The recent motu proprio – decree issued on his own initiative – of Pope Francis, along with its prefatory letter, clearly express the intent to abolish, at least eventually, the celebration of the Traditional Latin Mass. The decree causes great consternation and grief to those devoted to the old Latin Mass. The growing availability of the Traditional Latin Mass under the previous two popes has now been met with a determined effort to block and eventually end it.
The stated reason for the curtailment, and planned obsolescence, of the Traditional Latin Mass is that it has turned out to be divisive. Instead of drawing Traditional-leaning Catholics closer into the fold, the Mass is to blame for pitting them against both the Pope and the New Order of Mass promulgated in 1970. The Pope’s intention to do away with the Traditional Latin Mass is, he declares, for the sake of the unity of the Church.
Now the sin and crime of ecclesiastical disunity is called “schism.” “Heresy” involves actual doctrinal error, such as denying the divinity of Christ. Thus, the Pope is basically asserting that attachment to the Latin Mass is leading people into schism.
But let us look carefully at the proper definition of “schism” as stated in Canon Law 751:
Heresy is the obstinate denial or obstinate doubt after the reception of baptism of some truth which is to be believed by divine and Catholic faith; apostasy is the total repudiation of the Christian faith; schism is the refusal of submission to the Supreme Pontiff or of communion with the members of the Church subject to him.
What we must note in these definitions is that heresy, apostasy, and schism are acts of an individual. True, one who attaches himself to a schismatic group does become schismatic by that fact. But in the present case of the motu proprio of July 17, no group dedicated to the Traditional Latin Mass is declared to be schismatic.
Because heresy, apostasy, and schism are fundamentally acts of an individual, guilt or innocence must be determined on an individual basis also, at least by default.
It would be unjust to punish the innocent along with the guilty. This point is made very clear in Gen. 18, and in verse 23 in particular. Abraham asks God, “Will You sweep away the innocent along with the guilty?” As the conversation—negotiation—proceeds, it becomes clear that God is so unwilling to condemn the innocent along with the guilty that He would have spared Sodom if there had been even 10 just souls there.
When a penalty or a remedy is to be applied, one must first ascertain whether it is really applicable, and in some questions the effectiveness of the penalty or remedy must also be considered. It is of Natural Law—which not even the Pope can change or disobey—that the accused has a right to self-defense. No such opportunity has yet been allowed to those whom he deems schismatic.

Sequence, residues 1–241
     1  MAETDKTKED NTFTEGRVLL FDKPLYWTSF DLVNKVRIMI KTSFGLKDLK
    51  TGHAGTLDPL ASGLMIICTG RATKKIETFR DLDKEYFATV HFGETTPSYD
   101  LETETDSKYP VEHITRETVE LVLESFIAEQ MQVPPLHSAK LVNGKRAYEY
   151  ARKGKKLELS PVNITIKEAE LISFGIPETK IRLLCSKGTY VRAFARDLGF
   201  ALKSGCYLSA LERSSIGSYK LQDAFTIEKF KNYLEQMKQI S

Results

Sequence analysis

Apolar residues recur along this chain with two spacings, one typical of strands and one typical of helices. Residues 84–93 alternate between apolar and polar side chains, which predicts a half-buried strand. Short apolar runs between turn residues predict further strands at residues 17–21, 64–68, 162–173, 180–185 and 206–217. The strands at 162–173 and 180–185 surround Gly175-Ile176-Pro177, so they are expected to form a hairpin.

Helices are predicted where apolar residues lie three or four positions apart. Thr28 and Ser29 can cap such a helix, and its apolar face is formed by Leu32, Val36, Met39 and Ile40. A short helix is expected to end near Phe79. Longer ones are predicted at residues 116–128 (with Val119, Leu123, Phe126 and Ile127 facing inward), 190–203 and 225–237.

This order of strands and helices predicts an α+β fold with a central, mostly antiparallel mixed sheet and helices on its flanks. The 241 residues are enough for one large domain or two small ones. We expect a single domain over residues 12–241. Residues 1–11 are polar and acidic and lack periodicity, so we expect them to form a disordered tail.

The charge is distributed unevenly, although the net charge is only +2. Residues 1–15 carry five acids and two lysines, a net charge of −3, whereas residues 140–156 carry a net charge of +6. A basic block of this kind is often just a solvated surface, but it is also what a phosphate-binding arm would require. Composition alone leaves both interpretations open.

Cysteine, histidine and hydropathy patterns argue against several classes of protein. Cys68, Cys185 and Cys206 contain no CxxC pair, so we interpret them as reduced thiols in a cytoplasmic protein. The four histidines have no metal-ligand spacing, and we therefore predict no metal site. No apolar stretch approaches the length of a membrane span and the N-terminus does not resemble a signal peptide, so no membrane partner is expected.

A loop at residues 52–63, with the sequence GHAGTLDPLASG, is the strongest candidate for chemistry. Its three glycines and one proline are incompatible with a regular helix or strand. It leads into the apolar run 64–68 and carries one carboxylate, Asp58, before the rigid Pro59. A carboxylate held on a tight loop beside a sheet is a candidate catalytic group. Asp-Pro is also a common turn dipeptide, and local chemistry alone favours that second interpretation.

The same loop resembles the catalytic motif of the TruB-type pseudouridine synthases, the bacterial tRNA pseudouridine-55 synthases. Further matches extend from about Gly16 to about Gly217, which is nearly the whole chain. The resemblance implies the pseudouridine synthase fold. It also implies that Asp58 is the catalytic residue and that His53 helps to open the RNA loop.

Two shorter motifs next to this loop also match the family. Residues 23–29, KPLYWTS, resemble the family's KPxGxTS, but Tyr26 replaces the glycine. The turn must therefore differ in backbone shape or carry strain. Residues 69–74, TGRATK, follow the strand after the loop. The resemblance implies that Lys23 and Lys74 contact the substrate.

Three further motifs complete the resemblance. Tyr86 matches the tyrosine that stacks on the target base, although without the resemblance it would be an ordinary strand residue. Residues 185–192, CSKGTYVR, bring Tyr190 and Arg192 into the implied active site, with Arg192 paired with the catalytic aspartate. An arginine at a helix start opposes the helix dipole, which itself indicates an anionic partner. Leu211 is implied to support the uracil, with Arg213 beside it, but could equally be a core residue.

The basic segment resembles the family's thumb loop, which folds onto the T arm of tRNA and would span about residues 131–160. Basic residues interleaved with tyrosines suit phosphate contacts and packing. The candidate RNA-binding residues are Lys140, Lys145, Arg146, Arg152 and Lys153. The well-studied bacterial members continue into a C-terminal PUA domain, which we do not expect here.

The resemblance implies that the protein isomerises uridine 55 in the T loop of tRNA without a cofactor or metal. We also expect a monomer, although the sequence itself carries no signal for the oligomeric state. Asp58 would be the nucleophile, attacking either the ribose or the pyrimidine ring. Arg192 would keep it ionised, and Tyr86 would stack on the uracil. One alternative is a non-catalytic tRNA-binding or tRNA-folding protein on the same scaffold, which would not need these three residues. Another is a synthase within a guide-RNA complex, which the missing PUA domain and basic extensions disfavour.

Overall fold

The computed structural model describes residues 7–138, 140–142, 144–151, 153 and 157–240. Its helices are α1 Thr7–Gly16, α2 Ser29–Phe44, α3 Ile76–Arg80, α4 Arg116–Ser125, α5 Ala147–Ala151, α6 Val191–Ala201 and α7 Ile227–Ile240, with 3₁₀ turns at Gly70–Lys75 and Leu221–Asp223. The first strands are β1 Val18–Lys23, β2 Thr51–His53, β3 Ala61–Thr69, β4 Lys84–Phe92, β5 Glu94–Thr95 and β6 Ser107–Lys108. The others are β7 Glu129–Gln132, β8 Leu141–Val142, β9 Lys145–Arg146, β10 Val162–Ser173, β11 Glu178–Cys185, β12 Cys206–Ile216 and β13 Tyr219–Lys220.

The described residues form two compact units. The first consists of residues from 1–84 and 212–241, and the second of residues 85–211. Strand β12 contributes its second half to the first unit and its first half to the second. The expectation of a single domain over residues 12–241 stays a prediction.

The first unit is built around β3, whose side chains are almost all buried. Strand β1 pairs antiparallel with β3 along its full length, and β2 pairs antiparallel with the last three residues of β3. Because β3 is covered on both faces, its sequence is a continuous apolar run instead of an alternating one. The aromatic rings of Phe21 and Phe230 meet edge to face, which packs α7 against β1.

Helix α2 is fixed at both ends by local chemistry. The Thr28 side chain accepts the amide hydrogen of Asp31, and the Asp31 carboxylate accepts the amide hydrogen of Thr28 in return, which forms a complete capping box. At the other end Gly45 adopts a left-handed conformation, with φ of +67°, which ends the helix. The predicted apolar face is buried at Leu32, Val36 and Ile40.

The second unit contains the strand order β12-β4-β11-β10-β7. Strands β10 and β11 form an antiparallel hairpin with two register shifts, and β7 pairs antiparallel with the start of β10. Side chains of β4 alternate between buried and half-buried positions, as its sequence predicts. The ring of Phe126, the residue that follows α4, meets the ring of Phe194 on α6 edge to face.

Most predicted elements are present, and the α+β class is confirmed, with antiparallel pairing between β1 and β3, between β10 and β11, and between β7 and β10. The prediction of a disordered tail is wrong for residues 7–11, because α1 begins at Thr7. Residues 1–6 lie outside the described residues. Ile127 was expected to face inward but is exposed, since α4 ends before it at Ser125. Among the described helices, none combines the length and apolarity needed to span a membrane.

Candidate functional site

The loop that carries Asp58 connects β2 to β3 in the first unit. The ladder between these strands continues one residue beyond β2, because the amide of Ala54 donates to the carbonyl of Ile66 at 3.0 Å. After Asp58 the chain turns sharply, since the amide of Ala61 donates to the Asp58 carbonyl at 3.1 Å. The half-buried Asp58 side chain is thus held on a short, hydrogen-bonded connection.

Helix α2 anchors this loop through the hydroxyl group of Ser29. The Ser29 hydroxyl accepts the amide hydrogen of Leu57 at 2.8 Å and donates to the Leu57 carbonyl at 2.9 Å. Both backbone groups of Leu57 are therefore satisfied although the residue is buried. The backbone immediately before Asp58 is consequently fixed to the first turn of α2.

Now some will say that our obedience must be unquestioning and absolute. They might refer to dogma defined by the First Vatican Council, 1870, in the decree “Aeterni Patris”:
Wherefore we teach and declare that, by divine ordinance, the Roman Church possesses a pre-eminence of ordinary power over every other Church, and that this jurisdictional power of the Roman Pontiff is both episcopal and immediate. Both clergy and faithful, of whatever rite and dignity, both singly and collectively, are bound to submit to this power by the duty of hierarchical subordination and true obedience, and this not only in matters concerning faith and morals, but also in those which regard the discipline and government of the Church throughout the world.
In this way, by unity with the Roman Pontiff in communion and in profession of the same faith, the Church of Christ becomes one flock under one Supreme Shepherd.
This is the teaching of the Catholic truth, and no one can depart from it without endangering his faith and salvation.
Well and good, but it is not entirely clear that the sacred rites of the Church fit neatly and squarely under the heading of “discipline and government of the Church.” For one thing, some matters relating to the sacred rites are matters of divine law and cannot be changed or undone even by the Pope (e.g., the indissolubility of a valid marriage).
It is not my competence, in more than one sense of this word, to discuss these last points, but I would like to close with a consideration that should be in everyone’s purview, the consideration of mercy and compassion. Since yesterday was the Feast of St. Mary Magdalene, who experienced Christ’s tenderness in an extraordinary degree and had, in return, and extraordinary love for Him. Let us keep in mind the great words from Shakespeare:
The quality of mercy is not strained;
It droppeth as the gentle rain from heaven
Upon the place beneath. It is twice blest;
It blesseth him that gives and him that takes:
‘Tis mightiest in the mightiest; it becomes
The throned monarch better than his crown:
His sceptre shows the force of temporal power,
The attribute to awe and majesty,
Wherein doth sit the dread and fear of kings;
But mercy is above this sceptred sway;
It is enthronèd in the hearts of kings,
It is an attribute to God himself;
And earthly power doth then show likest God’s
When mercy seasons justice.
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